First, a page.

Ramsey explained her family was eating dinner and her mother, Marilyn, started choking on the food she was eating.

    When an unforeseen crisis arises many individuals may panic but Ramsey resorted to another tactic.

    She performed the Heimlich Maneuver and saved her mother’s life.

  • It’s a tiny, velvety pink pair of pajamas, with miniature feet, each one barely big enough for a Ruby K’s mini-muffin, and a silky cut-out of a pointe shoe stitched over one hip.

    It’s a handmade quilt with squares of antique fabric featuring drawings of marionettes.

    It’s a book, only it’s also a glove with a little pig on each finger.

    It’s a baby.

  • Things out of the ordinary have been occurring in our small town of Gilead, Wis., ever since the arrival of a newcomer. Percy Talbott, Gilead’s newest, and in my opinion, unwelcome, resident has spent the last five years in prison and seems to be interested in making our town her new home.

    I am not the only one who does not want an ex-convict getting too comfortable here.

  • There was a lot to celebrate during the German Club meeting on Friday. German teacher Anita Boshier recognized the students who placed in the top 90th percentile for the National German Exams this year.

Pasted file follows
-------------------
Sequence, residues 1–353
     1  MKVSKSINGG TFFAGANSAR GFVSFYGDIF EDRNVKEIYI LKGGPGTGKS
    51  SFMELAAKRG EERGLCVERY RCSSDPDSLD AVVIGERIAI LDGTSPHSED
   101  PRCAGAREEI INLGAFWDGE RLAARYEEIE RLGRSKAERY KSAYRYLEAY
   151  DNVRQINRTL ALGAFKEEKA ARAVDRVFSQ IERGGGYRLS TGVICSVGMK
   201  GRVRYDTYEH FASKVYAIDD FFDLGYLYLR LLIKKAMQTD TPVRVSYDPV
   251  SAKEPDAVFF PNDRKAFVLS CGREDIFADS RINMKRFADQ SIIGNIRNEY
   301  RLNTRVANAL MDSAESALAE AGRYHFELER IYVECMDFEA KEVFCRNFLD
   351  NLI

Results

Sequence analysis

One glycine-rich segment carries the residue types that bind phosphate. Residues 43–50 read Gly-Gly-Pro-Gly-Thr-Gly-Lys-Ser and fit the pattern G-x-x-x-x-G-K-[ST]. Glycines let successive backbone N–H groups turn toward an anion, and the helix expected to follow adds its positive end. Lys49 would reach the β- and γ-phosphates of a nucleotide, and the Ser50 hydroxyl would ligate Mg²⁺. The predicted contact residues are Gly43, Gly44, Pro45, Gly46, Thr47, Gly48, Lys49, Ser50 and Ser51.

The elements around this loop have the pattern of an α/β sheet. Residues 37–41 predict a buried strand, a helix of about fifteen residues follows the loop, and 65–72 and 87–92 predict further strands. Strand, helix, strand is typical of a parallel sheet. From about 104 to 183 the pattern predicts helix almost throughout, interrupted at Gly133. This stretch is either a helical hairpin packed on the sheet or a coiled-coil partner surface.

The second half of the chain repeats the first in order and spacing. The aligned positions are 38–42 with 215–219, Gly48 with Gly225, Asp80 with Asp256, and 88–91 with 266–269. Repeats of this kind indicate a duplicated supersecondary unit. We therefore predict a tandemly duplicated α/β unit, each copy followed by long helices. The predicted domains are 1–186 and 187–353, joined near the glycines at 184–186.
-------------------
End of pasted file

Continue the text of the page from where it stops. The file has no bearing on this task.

• Some people are born into art and some people just sort of discover a hidden talent somewhere along the path of life. Such is the case of Santa Fe artist Rodney Estrada.

    Estrada is a chef by trade but has found that his love for art has blossomed over the years and is now in full bloom.

  • Scott Carlsten, a sophomore at Los Alamos High School, can worry a little less about playing for his college education. Carlsten is the recipient of the $25,000 Distinguished Award of the EnergySolutions Foundation scholarship. This is in addition to the initial $2,000 scholarship he received from the Foundation earlier this year.